We Need to Change: Integrating Psychological Perspectives Into the Multilevel Perspective on Socio-Ecological Transformations
- Social, Environmental, and Economic Psychology, Department of Psychology, University of Koblenz-Landau, Landau, Germany
Psychology's Place in Socio-Technical Transition Research
“By embedding humans into systemic models […] we can see that even when we are talking about global transformations, the source of intentional change is human thinking, feeling, and acting. Socio-ecological-technological systems are created, ordered, and stabilized through human decision-making and (often) conscious creation of regime structures.”—Göpel (2016, p. 50/51)
It sounds self-evident when Göpel explains how deeply ingrained humans are in transition processes. However, when working on a virtual lecture series called Psychologie des sozial-ökologischen Wandels (The Psychology of Socio-Ecological Change)1 we felt challenged when attempting to connect all parts into a consistent narrative on the connections of psychology and a socio-ecological transformation (i.e., the deep transformation of society aiming for de-carbonization and socio-ecological justice, WBGU, 2011). With this challenge came ideas about transformation-oriented psychology that we feel inspired to share.
Previous research acknowledged that cultural worldviews and mindsets are essential for transformations (Meadows, 1999). The status quo and associated tangible structural outcomes are a result of human relationships and agency over time (Elias, 1982). Psychology as the study of human perception and behavior can contribute to transition research by investigating the processes underlying human agency. Nevertheless, psychological perspectives are rarely explicitly integrated into socio-technical transition research (Bögel and Upham, 2018). There have been pleas to clarify the role of individual-level processes in transitions (see Cattaneo et al., 2014; Bögel and Upham, 2018; Upham et al., 2020; Becker et al., 2021) and we personally experience a certain openness within psychology to do so. Kazdin (2009) even ascribes a crucial role to psychology in connecting different research areas. So why have those appeals only rarely been put into practice?
Environmental psychology historically focused on intra-individual factors (e.g., attitudes, control beliefs) and used them to explain pro-environmental behavior. As a result, it has been criticized for making somewhat mechanistic and reductionist assumptions, treating psychological constructs as isolated factors (see Dijk et al., 2016), and neglecting that contextual factors like larger-scale social structures and ecological processes influence behavioral outcomes (see Steg and Vlek, 2009). There are undeniable ontological and epistemological differences between psychological and transition science. Moreover, transformations are challenging to capture using psychological methods, and disciplinary research often earns more (career) credits than interdisciplinary research. Nonetheless, we believe that psychological perspectives are crucial for transformations but that transition researchers will only integrate psychological perspectives if they consider processes and outcomes relevant for understanding transformations. Placing one's own research into transition-oriented approaches may be a challenging first step due to the difficulties inherent in interdisciplinary work, given the context-specificity of both the research object and transition research itself, and because it remains unclear how to do so in a meaningful way. Nevertheless, we present an attempt to make psychological perspectives more impactful through theoretical integration, using two psychological theories and an exemplifying transition-model (see current debate by Nielsen et al., 2021 and Van Valkengoed et al., 2021).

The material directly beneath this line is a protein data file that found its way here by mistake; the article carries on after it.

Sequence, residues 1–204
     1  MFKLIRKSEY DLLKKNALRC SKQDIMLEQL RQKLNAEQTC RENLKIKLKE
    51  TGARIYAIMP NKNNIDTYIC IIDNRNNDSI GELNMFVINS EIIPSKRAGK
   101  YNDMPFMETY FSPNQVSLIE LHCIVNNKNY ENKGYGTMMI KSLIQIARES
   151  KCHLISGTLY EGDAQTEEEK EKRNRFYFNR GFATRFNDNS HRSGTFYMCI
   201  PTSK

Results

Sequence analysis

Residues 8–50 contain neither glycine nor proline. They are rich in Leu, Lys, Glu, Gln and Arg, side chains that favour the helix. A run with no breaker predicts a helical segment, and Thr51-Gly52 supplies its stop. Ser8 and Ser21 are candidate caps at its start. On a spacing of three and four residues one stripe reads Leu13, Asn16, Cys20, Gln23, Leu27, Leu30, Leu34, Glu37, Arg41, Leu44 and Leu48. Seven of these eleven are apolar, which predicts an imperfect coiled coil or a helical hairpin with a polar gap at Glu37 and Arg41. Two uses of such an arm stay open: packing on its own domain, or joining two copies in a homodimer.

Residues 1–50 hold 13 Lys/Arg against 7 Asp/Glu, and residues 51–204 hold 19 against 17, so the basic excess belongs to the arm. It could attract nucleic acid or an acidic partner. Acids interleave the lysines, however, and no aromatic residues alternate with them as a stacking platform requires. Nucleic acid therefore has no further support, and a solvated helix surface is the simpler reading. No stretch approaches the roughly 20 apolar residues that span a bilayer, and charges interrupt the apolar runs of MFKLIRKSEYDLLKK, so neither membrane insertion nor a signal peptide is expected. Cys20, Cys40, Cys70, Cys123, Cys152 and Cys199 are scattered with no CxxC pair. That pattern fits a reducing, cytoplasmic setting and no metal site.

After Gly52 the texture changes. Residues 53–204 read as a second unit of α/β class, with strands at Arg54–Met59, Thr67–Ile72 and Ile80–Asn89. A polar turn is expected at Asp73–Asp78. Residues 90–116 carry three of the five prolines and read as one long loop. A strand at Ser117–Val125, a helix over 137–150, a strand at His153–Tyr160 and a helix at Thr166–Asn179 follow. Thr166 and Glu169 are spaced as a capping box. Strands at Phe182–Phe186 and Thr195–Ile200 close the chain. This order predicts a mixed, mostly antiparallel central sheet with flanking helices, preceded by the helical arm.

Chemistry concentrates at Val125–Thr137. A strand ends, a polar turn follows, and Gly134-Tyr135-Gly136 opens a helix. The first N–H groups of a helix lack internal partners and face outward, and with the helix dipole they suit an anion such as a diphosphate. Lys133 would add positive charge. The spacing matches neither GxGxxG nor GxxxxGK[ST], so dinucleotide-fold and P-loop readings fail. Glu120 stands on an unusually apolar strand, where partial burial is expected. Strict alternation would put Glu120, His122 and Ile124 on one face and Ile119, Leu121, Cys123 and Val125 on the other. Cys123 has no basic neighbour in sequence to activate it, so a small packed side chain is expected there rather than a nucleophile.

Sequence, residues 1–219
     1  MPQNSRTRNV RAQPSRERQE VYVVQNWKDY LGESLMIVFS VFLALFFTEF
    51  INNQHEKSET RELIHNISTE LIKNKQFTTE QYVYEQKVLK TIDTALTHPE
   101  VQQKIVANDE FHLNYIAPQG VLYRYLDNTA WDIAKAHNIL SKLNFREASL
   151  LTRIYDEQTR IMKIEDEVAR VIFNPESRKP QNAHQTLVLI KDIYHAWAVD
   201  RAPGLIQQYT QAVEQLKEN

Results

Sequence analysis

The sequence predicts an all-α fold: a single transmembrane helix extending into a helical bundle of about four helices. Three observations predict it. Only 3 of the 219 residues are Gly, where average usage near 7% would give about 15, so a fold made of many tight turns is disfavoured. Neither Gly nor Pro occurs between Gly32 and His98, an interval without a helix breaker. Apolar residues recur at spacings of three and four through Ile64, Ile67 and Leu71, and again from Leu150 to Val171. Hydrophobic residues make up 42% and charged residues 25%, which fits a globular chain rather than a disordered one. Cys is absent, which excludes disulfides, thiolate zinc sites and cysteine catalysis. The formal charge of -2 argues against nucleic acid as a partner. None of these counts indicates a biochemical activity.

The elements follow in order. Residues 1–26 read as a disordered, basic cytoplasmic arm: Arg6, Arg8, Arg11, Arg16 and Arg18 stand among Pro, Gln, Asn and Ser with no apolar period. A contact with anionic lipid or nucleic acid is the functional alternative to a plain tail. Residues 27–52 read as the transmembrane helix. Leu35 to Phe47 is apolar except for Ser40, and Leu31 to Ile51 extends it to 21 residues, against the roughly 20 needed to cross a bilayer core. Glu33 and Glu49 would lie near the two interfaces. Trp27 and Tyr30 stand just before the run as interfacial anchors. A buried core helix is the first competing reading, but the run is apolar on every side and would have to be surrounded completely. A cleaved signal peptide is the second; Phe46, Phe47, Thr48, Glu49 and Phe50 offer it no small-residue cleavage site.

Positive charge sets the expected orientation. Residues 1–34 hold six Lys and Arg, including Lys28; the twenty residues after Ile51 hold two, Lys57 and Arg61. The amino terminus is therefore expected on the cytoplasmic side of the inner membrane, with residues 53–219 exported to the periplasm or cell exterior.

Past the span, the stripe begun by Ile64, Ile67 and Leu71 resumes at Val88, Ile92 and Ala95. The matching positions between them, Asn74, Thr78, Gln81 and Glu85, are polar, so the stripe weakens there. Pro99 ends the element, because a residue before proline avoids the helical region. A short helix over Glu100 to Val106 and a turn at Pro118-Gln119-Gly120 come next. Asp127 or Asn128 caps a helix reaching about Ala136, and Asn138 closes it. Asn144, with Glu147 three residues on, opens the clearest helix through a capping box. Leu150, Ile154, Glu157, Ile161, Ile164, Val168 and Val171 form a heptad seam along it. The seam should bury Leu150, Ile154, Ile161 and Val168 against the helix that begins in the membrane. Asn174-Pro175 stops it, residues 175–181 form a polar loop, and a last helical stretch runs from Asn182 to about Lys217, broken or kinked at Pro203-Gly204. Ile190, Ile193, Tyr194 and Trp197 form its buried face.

A Multilevel Approach to Transformations
There are several systemic models explaining socio-technical transitions, like the Multilevel Perspective (MLP, Geels and Schot, 2007, 2010) or the Multiphase Concept (Mersmann et al., 2014). One currently predominant model is the MLP (Geels and Schot, 2010). It looks at how socio-technical societal subsystems interact in transformation-processes across time and space: The landscape (macro-level; e.g., megatrends like climate change, the market system, hegemonic paradigms2), regimes (meso-level; e.g., policy, technology, science), and niches (micro-level). Higher levels—institutionalized, inertial, and historically rooted—are impactful but slow and difficult to change. Regimes are stabilized through path-dependencies like institutionalization or social-psychological infrastructures (e.g., norms, shared beliefs, see Welzer, 2011). They hamper individuals to imagine alternatives, lock the status quo, and prevent rapid change. Change occurs most readily in niches that provide safeguarded spaces to test radical socio-technical innovations. When regimes are destabilized, for instance because of landscape-level pressures like climate change, windows of opportunity open, and niche-innovations can establish themselves in regimes. While the MLP is useful for understanding socio-technical innovations, it is difficult to pinpoint human agency in it (see Geels, 2011 for a discussion; see Winner, 1986 for a fundamental critique of a technology-focus as lever of change).